The public school authority in Iqaluit, Nunavut is looking into whether O Canada should be sung at its four schools.
The Iqaluit District Education Authority (IDEA) sent a survey to parents asking them to choose one of three options:
- Have the anthem sung at schools every morning.
- Have the anthem sung only on special occasions, such as Remembrance Day.
- Not have the anthem sung at all.
In an email to CBC News, education authority chairman Doug Workman said the survey was an initiative of the authority, and surveys were sent to parents of students in all of its schools.
Workman said the authority does not need permission from the territorial Department of Education to make changes to policy in this case.
The issue of playing O Canada in Iqaluit schools arose after 12-year-old Miles Brewster was sent to the principal’s office at Aqsarniit Middle School in September 2018 for refusing to stand while the anthem was being played.
Country ‘doesn’t celebrate us’
He said his decision stemmed from concerns that his class had not discussed the meaning behind Orange Shirt Day, which is a day dedicated to survivors of residential schools. Miles’s stepfather had experienced abuse at a residential school in Inuvik, Northwest Territories.
Miles’s mother, Janet Brewster, said she suspects her son’s action was the reason why the education authority is surveying parents on the issue now.
“I think it’s really important to give parents and students the opportunity to have the discussion about the national anthem and to have an opportunity to give input into it and to make a decision that is one that the community has considered and is involved in making,” she said.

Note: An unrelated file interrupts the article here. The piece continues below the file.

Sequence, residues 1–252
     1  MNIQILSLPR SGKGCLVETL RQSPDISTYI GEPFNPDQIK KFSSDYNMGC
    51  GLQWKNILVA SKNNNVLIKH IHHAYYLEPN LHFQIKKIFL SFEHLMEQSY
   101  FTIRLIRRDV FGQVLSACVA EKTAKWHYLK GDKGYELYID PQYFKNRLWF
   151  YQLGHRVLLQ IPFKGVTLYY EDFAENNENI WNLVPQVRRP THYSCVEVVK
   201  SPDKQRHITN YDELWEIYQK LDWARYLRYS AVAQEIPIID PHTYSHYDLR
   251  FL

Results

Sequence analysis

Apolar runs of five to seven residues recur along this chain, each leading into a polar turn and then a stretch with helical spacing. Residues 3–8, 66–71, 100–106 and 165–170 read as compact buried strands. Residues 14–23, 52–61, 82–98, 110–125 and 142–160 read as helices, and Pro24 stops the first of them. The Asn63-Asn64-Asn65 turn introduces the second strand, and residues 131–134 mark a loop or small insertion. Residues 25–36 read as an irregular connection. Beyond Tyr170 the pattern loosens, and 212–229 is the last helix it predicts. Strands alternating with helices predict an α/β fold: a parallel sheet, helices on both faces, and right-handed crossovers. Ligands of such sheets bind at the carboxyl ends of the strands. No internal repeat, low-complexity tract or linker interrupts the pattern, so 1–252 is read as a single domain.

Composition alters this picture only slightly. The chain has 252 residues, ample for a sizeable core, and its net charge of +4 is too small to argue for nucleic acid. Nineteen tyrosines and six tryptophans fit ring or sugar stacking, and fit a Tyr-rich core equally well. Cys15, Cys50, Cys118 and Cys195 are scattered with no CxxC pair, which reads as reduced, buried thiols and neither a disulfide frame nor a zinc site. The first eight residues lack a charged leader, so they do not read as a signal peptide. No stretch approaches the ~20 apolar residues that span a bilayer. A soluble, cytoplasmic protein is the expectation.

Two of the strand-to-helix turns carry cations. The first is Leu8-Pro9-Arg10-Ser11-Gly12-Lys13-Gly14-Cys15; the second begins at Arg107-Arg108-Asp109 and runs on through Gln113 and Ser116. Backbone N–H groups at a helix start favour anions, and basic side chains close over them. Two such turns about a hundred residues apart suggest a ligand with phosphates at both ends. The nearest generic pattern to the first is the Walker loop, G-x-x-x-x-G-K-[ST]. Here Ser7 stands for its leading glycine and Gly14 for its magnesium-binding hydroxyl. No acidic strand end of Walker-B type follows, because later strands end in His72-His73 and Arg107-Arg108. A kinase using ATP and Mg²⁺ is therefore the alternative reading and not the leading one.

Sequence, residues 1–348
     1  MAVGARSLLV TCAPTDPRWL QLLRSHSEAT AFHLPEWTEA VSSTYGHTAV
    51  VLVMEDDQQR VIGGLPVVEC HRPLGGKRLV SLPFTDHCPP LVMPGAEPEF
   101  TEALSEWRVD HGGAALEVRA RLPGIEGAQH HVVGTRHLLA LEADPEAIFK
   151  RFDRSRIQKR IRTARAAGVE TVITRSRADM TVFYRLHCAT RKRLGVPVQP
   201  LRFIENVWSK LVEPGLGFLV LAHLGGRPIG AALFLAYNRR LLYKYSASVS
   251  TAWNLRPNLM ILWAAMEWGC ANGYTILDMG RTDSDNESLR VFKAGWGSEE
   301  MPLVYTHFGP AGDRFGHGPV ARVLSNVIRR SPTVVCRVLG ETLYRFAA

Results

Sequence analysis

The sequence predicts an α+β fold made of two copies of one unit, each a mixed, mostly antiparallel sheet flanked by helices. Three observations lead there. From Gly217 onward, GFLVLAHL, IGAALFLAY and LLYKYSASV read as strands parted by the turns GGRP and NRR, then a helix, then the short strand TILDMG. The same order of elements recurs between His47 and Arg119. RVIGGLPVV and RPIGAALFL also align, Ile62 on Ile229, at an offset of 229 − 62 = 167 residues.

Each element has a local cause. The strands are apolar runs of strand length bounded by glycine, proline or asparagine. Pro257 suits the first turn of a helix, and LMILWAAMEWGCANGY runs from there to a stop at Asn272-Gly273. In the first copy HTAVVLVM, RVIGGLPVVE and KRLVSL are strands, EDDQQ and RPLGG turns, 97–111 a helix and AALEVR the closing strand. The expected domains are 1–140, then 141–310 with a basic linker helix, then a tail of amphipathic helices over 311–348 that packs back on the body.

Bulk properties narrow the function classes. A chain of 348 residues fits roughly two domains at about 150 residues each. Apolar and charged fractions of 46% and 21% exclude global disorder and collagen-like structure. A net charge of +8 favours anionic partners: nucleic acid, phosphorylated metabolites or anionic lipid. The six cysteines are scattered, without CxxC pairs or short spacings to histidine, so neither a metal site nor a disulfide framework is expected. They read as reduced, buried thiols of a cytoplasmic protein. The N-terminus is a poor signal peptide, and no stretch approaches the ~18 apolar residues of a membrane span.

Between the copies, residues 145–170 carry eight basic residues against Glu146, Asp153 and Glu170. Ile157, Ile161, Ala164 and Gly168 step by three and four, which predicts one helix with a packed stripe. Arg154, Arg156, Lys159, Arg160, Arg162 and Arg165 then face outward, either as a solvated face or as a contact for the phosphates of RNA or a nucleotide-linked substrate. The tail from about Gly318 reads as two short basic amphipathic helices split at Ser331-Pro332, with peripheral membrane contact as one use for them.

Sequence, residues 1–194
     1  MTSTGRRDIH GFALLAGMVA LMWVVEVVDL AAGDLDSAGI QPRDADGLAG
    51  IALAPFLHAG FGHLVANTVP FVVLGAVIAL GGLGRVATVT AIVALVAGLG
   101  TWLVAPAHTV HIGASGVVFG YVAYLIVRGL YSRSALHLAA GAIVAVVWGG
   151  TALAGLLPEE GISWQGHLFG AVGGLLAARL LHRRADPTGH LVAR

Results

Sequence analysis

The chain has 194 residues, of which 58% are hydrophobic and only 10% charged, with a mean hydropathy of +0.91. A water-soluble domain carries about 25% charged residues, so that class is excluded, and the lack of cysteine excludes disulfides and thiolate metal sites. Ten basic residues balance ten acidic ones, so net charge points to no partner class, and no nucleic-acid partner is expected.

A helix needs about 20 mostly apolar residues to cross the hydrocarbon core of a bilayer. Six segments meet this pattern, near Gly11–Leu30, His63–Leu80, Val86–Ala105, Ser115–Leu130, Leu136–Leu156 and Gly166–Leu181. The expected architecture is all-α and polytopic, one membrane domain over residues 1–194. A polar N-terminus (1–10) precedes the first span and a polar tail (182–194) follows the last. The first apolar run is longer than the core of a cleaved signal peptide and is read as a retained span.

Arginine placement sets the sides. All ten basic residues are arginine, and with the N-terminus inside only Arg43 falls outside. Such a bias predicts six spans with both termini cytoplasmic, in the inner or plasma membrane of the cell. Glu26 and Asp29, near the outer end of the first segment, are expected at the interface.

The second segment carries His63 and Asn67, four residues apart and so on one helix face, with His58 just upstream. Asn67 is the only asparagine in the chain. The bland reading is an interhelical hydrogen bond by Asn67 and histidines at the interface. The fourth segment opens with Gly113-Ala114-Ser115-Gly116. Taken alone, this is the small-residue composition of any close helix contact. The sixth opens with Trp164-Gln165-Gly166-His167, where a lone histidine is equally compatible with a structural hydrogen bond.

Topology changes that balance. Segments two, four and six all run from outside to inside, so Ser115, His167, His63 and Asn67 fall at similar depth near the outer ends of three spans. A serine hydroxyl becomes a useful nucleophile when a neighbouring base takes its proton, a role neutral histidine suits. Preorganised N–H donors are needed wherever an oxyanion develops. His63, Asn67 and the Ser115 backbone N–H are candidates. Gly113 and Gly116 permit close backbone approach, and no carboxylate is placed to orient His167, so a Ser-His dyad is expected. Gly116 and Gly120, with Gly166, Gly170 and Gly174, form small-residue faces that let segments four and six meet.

Workman said the decision to launch the survey came after parents, who had heard about Miles Brewster’s decision, started asking the education authority questions about the playing of O Canada at schools.
Brewster said her son continues to sit through the national anthem on most days. She said a couple of other students have since joined him in refusing to stand, and his action has created dialogue among students.
“I feel that it’s important to acknowledge that we are Canadians, but it’s also really important to acknowledge that the national anthem celebrates a country that doesn’t celebrate us,” she said.
“Until we reach substantive equality as Inuit in this country, I don’t feel that it’s necessary to stand or sing the national anthem.”
Brewster said she does not yet know how she’ll respond to the education authority’s survey, but she will speak with her son before making that decision.
Written by Donna Lee, based on reporting by Jackie McKay
Related stories from around the North:
Norway: Inuit, Sami leading the way in Indigenous self-determination, study says, CBC News
Sweden: Sami abused in Sweden’s church-run schools, Radio Sweden
United States: Governor Walker apologizes for historical trauma at Alaska Federation of Natives convention, Alaska Public Media